Letter: Serenity project meets neighborhood needs

We have read a few critical comments about the plans for the development on the empty lot at 105A S. Huntington Ave., and we’d like to respond.

We think the architectural drawings that have been shown are attractive and offer a positive modern alternative to the valued historic brownstones and bay-fronts that have dominated the area. The design also accommodates larger units for families and will help diversify the neighborhood, which now has a predominance of students living here.

Our neighborhood, like many in Boston, needs ore housing at a variety of rent levels, and this project will not only create needed homes, it will also fill an empty hole, enliven the street on both sides, and add a modest amount of commercial space for both residents and the rest of the neighborhood.

We think the combination of a section of lower floors that mimic the existing neighborhood architecture and the upper floors that assume more of the form of institutional neighbors up the street on S. Huntington Avenue is a creative mixture of styles. And the deep setbacks on the upper floors from the Jamaicaway significantly reduce the impact on the west side.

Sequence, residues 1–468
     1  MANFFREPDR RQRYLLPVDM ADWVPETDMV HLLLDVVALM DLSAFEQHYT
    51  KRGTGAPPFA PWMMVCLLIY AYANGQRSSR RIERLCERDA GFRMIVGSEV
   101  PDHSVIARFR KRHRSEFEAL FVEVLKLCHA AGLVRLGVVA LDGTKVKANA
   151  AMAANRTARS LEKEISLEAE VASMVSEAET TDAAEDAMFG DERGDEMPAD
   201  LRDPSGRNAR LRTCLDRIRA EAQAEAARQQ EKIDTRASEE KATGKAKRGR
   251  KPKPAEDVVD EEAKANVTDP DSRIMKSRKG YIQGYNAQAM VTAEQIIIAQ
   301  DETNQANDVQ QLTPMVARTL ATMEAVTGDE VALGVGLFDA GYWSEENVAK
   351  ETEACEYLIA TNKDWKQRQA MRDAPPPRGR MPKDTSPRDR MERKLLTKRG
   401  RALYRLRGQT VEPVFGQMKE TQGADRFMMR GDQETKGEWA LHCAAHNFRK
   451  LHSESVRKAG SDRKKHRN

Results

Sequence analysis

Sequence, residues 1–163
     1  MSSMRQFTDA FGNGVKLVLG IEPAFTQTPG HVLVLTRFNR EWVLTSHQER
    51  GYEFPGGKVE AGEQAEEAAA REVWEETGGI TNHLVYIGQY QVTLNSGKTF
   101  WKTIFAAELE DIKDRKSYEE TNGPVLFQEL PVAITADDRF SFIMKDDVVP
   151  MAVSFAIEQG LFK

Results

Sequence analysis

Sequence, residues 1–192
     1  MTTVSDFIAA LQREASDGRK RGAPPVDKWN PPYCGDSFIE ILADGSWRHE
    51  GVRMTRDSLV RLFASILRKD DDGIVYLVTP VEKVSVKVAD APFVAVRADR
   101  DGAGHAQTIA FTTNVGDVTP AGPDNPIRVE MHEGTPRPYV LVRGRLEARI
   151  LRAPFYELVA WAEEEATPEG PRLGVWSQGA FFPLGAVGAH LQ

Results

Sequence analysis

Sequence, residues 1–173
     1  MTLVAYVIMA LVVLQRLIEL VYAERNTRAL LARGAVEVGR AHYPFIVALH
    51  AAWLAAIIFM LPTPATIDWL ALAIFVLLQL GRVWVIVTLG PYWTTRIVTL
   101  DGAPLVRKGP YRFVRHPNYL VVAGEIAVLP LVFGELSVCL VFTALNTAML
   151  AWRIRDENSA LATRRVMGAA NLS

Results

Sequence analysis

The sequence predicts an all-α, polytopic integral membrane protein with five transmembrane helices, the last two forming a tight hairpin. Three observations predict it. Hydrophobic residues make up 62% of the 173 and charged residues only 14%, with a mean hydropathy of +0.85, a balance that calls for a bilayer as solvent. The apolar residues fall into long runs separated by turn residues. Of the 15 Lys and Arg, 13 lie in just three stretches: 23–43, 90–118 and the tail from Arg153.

No one likes high rents, but that is something no one can control. Any quality new building will have market-rate rents or won’t be built. The project proposed by Cedar Valley Development and Anthony Nader and his family company will provide more than two-dozen affordable apartments along with the others.

There will always be some who oppose anything that is new. But we think the plans for this project have broadly accomplished the needs of the neighborhood—this could have been an office or institutional use—and are fully in support of it.

Ralph Spears


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